A strange consideration occurred to me: a LFSR is characterised by its (maximal) period of (2^n)-1, for n bits. The LFSR is meant to output one bit per cycle so it generates a stream of (2^n)-1 bits. So far, it's alright.

The PEAC algo uses 2n+1 bits to generate a sequence of 2^(2n-1)+ 2^(n-1)-1 *numbers*. Each number has n bits, so it generates n×(2^(2n-1)+ 2^(n-1)-1) bits, or 2^(2n)+ 2^(n)-n. That's a bit over 2^2n.

In practice,

- CRC32 uses 32 bits to generate 4.294.967.295 bits per unique sequence
- PEAC16x2 uses 33 bits to generate one of two sequences of 2.147.516.415 numbers. But these numbers are 16 bits wide, so this is equivalent to 34.360.262.640 bits, right ?

Well, this is not fair because the 32-bit LFSR can also be used to generate a sequence of period 4294967296×32=137.438.953.472 bits by chunking them in packets of 32. However this sequence would simply be the basic sequence replicated 32 times with a different alignment. There is no extra data or entropy, it's simply a presentation trick, which can be useful in some very-uncritical cases.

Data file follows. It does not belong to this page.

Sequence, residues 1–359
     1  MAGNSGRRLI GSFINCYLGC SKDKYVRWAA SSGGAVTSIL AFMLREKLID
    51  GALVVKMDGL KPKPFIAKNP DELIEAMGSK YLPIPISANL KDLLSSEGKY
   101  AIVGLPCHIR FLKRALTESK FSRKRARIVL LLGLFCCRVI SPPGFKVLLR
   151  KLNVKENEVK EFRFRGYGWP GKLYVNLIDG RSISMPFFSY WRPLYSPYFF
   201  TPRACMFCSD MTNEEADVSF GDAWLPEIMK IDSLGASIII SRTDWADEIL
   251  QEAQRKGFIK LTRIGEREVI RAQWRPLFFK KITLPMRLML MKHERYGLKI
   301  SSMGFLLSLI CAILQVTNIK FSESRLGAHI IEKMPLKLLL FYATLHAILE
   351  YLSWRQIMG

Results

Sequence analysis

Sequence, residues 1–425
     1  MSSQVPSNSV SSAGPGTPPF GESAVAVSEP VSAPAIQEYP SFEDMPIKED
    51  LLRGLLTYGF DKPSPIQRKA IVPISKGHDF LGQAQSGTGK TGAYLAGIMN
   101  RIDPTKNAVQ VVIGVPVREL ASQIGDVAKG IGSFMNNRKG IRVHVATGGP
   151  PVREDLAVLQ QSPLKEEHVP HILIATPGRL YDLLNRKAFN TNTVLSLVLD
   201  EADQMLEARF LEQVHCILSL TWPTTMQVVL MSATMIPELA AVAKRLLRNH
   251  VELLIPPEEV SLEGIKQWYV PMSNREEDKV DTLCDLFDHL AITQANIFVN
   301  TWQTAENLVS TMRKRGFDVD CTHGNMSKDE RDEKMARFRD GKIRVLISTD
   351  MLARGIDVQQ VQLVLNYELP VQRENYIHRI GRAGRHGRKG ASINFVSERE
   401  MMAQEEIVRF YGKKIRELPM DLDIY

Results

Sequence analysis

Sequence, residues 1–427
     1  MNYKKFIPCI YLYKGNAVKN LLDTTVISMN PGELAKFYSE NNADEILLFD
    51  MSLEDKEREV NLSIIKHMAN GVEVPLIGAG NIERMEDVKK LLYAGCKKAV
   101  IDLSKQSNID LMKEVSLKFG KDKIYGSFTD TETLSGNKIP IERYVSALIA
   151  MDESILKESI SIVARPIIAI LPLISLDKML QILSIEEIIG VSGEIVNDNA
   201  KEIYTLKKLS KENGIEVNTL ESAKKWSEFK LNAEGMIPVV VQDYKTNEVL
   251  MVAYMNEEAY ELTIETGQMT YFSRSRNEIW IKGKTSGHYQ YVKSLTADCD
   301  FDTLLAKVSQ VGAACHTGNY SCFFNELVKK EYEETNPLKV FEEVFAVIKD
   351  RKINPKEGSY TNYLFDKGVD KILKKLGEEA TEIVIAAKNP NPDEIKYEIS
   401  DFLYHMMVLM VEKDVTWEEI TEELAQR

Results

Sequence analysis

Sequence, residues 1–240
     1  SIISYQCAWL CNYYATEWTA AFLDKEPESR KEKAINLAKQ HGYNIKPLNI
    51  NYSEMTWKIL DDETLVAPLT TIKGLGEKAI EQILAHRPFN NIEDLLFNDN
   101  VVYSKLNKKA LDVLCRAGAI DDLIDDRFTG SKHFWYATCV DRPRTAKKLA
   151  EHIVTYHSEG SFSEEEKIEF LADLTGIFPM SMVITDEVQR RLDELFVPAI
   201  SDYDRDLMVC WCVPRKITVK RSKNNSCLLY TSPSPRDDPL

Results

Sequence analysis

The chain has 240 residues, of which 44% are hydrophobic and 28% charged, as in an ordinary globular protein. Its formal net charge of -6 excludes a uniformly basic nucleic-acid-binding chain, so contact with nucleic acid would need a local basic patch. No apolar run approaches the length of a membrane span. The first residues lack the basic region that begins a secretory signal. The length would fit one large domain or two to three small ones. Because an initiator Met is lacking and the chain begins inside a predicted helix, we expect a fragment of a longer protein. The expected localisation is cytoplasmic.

PEAC behaves differently, as it does not seem to work in GF(2). The * log 63. PEAC seen as a collection of 2-tap LFSRs *has built a bridge with GF(2) but I suspect it works in GF(65535) *even though 65535 is not prime*. Can there be other useful applications for Galois Fields with non-prime modulus ?

Anyway, PEAC16x2 does not need a re-framing trick to generate 34.360.262.640 bits, though I have not looked yet if there are internal repetitions.

Another detail to remember is that PEAC16x2 does have 2 orbits, and the remaining states directly lead to one of them, so there is some untapped potential.

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